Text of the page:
29 March 2007

Serial Short: Part Three

The funny thing about dreams is the way they mix and match reality. It’s like playing cut and paste with the people, places, and pathologies that make each of us who we are. Perhaps that is why they lend themselves to pop-psychology style interpretations. We think we know ourselves fairly well, but a different combination of faces, locales, and situations might lead us to actions we thought impossible. All the signposts in a dream are familiar but they lead us to destinations we didn’t know existed.

We’ve skipped over again and are passing the last of a shitty joint back and forth in a studio apartment I haven’t lived in for years, in a town that no longer resembles my memories. It’s a one room cottage twenty feet from a major railroad. Its moldy walls are thinly webbed with ancient cracks and seem to breathe due to the sharp angle of the floor. Pipes with shoddy wiring in them encircle the room and run to a 30 year old furnace that hasn’t worked in ten.

28 March 2007

Serial Short: Part Two

There's this thing that happens only in movies and dreams; the main characters meet and connect in some way and then are seen together again some amount of time – specified or otherwise -- later. The unseen proceedings are implied and accepted. They aren't terribly important to the main sequence of events so they just get… skipped over. This gap in recorded time has always struck me as similar to a blackout. It's so easy, and ultimately futile, to obsess on the details missed between the moments; a pointless and addictive exercise that is the cause of many flights of fancy and pangs of regret, each more striking -- for better or worse -- than the last. Better to just move forward with what is certain.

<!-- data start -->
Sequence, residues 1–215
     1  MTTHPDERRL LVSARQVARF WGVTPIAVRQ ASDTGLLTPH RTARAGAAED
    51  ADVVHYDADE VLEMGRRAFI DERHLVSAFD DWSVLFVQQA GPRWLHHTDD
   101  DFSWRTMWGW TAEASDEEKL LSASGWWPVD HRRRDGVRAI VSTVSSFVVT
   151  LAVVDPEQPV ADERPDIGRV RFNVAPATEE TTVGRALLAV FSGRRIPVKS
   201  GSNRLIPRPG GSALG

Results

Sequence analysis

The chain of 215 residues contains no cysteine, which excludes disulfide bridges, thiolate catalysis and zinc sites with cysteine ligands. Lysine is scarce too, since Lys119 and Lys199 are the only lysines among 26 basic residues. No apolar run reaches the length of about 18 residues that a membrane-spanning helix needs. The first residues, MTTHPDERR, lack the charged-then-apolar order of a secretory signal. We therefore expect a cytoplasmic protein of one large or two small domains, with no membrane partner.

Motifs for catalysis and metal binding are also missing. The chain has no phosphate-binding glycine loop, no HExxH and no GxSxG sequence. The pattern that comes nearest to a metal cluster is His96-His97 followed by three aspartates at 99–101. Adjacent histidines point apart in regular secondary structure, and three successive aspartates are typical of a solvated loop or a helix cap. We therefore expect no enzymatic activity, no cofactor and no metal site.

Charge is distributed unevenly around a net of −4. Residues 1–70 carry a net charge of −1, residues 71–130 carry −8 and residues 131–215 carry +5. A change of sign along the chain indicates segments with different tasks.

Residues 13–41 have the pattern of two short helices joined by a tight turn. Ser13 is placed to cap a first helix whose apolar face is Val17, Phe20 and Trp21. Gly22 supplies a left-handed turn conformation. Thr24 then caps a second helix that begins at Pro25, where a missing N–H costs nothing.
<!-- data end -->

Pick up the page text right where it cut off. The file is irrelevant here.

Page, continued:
25 March 2007

Serial Short: Part One

The following is inspired by fake events born of a real delusion.

He saunters by looking lost and shadily hot. I think that if he wandered into one of my stories, he’d be a drifting grifter with mostly repressed homicidal tendencies; just dangerous enough to be the focus of a fantasy. That flutter of fear would be a thrill.

He’d notice me smoking in the parking lot and ask if I knew how to find some obvious and nearby locale; the grocery up the street, perhaps. It’s an easy opening. People are better Samaritans than most would assume when it comes to the little things like that. They feel knowledgeable – like they are better people than they really are – when they help a stranger.